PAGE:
Similar groups: Jundullah, TTP Mehsud Faction, TTP Jamatul Ahrar.

TTP Mehsud faction

The Judean People’s Front to the People’s Front of Judea. In May, the group split from the Fazlullah-led TTP and went on its own, led by the deceptively named Sajna (meaning, beloved). The group was upset that Fazlullah became the leader after Hakimullah’s death, because Fazlullah did not belong to the Mehsud clan like his predecessors, and Sajna wanted to keep the leadership within the family.

Major attacks: Sajna, while still in the TTP, was responsible for the 2012 jailbreak in Bannu, in which at least 400 convicted militants escaped; 2011 attack at a naval base in Karachi.


This group really does not like Shias. It is nominally affiliated with the TTP, but its focus is almost exclusively sectarian. Their parent organisation, the Sipah-i-Sahaba, was born in the ’80s in the wake of a proxy tussle between Iran and Saudi Arabia over influence in Pakistan, which Saudi Arabia overwhelmingly won. Its political affiliate, the Ahl-e-Sunnat Wal Jamaat, has significant grassroots support and has come close to winning parliamentary seats on numerous occasions. A group of ASWJ “activists” shut down an Iranian stall at a book fair in Karachi last year because they said their literature was “sectarian”. Think about that.

Major attacks: Two bombings early last year in Quetta that targeted Hazaras, an ethnic minority that is also Shia. Together, the attacks killed more than 200 people. Also, last year, they detonated a car bomb in Abbas Town, a predominantly Shia neighbourhood in Karachi, which killed almost 50 people. They also regularly assassinate prominent Shia religious leaders, doctors, and civil servants.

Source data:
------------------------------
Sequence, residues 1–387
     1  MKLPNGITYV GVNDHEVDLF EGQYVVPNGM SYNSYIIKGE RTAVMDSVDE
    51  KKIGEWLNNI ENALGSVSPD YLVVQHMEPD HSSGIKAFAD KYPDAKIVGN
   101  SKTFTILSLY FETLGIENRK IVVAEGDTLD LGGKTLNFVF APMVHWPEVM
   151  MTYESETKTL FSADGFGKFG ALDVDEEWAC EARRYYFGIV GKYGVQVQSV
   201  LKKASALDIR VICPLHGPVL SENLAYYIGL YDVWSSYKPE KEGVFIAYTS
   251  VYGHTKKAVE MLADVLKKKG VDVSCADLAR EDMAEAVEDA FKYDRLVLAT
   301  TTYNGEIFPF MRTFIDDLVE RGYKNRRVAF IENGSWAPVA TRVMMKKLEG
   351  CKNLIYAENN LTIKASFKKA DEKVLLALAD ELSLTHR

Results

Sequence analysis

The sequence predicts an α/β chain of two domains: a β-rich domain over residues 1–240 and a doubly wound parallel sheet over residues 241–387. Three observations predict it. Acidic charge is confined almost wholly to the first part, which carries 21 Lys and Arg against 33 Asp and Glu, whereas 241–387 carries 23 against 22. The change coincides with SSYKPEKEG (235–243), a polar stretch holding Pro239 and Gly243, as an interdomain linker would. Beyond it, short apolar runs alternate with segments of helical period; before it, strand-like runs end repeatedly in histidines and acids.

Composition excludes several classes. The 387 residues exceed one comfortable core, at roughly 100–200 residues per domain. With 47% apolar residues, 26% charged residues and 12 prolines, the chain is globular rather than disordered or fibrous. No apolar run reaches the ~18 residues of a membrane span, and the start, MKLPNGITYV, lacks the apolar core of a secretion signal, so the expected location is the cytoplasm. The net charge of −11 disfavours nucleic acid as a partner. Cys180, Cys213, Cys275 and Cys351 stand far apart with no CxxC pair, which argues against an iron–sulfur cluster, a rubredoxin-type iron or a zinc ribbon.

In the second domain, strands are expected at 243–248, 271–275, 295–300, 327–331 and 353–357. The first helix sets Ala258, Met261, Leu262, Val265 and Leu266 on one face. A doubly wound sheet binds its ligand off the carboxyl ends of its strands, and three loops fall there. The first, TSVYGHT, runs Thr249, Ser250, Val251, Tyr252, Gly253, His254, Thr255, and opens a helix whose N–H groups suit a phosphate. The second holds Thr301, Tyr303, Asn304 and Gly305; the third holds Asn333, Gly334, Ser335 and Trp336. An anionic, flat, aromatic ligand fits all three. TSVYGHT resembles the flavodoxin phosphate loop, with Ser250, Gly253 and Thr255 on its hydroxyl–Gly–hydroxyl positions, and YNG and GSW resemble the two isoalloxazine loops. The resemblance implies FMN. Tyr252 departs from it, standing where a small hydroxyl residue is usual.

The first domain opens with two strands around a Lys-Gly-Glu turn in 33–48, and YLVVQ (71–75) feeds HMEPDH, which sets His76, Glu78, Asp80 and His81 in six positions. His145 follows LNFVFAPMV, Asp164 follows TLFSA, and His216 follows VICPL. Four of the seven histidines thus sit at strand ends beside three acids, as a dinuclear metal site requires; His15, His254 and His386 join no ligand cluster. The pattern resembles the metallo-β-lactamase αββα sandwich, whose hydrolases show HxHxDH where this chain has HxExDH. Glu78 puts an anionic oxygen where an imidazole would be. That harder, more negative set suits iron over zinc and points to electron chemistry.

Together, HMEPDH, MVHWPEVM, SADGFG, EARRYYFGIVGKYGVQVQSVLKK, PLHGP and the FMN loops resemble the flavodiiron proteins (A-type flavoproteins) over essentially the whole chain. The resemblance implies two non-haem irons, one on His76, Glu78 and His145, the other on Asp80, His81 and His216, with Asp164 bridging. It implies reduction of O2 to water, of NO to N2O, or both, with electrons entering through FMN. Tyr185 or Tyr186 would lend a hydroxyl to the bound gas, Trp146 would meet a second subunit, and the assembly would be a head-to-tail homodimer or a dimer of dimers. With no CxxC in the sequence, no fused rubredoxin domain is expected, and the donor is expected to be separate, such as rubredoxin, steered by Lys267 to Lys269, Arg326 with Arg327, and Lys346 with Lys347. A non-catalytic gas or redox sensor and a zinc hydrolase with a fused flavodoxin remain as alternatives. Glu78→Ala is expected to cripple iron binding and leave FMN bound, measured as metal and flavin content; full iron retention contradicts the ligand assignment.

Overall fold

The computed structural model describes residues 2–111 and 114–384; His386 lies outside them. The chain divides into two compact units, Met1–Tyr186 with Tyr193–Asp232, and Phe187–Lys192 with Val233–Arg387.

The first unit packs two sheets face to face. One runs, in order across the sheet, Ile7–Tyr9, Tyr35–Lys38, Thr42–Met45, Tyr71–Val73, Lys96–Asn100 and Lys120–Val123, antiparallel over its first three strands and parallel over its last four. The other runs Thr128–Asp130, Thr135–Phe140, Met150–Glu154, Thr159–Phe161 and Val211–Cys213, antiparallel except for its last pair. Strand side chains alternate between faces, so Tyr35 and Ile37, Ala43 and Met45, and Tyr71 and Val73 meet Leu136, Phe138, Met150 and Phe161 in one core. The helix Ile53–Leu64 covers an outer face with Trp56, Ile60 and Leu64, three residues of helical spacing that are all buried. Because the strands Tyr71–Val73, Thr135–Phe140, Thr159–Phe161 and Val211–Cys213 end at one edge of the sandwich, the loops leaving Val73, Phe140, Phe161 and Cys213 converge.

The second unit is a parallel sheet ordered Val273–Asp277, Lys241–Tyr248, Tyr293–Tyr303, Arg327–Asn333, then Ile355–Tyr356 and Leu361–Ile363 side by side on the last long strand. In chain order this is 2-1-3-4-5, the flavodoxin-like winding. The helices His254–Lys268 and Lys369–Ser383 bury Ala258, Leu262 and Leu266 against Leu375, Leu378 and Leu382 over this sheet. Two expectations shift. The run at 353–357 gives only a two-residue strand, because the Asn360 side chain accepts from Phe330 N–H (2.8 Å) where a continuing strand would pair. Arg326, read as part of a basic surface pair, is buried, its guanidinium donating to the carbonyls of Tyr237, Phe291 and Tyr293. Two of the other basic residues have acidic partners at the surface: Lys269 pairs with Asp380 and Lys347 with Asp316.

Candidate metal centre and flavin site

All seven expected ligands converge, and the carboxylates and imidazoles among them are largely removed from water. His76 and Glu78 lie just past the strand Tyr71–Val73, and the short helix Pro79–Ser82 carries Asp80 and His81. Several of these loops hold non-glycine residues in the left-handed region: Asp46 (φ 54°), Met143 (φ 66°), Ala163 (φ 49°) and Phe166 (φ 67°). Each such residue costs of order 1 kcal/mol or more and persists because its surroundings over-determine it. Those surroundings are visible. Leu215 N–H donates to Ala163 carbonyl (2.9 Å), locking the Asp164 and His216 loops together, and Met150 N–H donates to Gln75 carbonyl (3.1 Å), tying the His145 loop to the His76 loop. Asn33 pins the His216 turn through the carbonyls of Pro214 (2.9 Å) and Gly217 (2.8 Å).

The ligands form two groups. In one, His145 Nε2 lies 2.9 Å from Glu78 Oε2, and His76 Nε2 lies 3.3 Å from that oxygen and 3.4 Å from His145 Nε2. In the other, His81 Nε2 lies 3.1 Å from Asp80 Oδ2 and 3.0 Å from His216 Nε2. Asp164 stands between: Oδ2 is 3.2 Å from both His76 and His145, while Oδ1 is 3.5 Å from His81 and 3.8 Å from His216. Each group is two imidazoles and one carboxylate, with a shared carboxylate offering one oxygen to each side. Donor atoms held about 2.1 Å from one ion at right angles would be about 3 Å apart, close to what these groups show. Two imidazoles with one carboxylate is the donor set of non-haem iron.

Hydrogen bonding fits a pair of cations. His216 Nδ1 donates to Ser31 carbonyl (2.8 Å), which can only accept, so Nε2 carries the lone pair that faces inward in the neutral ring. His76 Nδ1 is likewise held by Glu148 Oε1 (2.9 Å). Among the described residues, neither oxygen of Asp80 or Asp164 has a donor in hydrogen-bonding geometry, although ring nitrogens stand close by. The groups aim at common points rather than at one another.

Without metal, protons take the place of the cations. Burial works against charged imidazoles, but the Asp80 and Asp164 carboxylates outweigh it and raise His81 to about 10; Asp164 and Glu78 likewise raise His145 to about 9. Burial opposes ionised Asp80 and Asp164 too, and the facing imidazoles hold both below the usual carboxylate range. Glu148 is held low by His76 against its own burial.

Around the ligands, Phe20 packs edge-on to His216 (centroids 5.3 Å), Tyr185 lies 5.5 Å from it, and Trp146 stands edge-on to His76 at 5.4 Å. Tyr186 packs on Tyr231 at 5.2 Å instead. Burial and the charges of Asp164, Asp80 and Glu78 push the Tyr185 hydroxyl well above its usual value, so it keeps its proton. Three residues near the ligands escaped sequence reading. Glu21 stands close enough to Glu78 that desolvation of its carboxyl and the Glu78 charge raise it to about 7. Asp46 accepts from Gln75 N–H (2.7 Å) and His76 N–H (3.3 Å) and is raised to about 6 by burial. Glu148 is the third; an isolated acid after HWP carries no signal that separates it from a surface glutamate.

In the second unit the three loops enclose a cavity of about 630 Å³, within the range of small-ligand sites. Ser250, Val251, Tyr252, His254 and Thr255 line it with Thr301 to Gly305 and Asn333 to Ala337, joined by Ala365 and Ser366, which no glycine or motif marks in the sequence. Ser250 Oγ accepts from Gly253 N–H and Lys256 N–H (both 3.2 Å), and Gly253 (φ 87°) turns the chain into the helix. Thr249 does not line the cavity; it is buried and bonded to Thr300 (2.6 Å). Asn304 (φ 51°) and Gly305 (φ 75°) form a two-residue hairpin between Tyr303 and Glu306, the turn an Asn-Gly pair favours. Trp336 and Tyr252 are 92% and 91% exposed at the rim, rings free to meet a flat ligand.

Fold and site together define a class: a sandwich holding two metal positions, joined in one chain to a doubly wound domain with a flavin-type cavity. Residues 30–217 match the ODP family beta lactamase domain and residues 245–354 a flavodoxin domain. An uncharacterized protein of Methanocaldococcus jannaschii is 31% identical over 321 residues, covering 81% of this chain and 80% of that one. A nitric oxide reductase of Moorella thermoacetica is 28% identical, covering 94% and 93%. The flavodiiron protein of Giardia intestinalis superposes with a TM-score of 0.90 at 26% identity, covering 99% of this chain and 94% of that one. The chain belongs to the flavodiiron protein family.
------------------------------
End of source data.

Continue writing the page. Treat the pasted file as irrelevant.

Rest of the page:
Related groups: Ahl-e-Sunnat Wal Jamat, Sipah-i-Sahaba Pakistan.


Indians are familiar with this one. The LeT was formed in 1990 by Hafiz Saeed, currently an active and prominent citizen of Lahore deemed worthy of protection by the state. It has been active particularly in Kashmir, but has been known for occasional forays in Delhi and south Mumbai. India accuses the Pakistani government of training, funding and supporting the LeT – to which the Pakistani government replies, “Who, me?” While the LeT was formally banned, it rebranded itself as the Jamaat-ud-Dawa, and continues to function as before.

Major attacks: 2001 attack on Delhi parliament – 14 killed; 2008 Mumbai attacks – 162 killed.

Related groups: Jaish-e-Muhammad, Hizb-ul-Mujahideen.

Afghan Taliban

The LeT of the Northwest. The Taliban rose to prominence during the civil war that engulfed Afghanistan after the Soviets withdrew in 1988. The Afghan Taliban eventually took over the country in the ’90s on a winning campaign that promised opium revenues and public beheadings. They also undertook giant renovation projects such as roads and communications, as well as the total destruction of the 1,700-year-old statues of Buddha carved into a mountain, which no doubt took a lot of effort.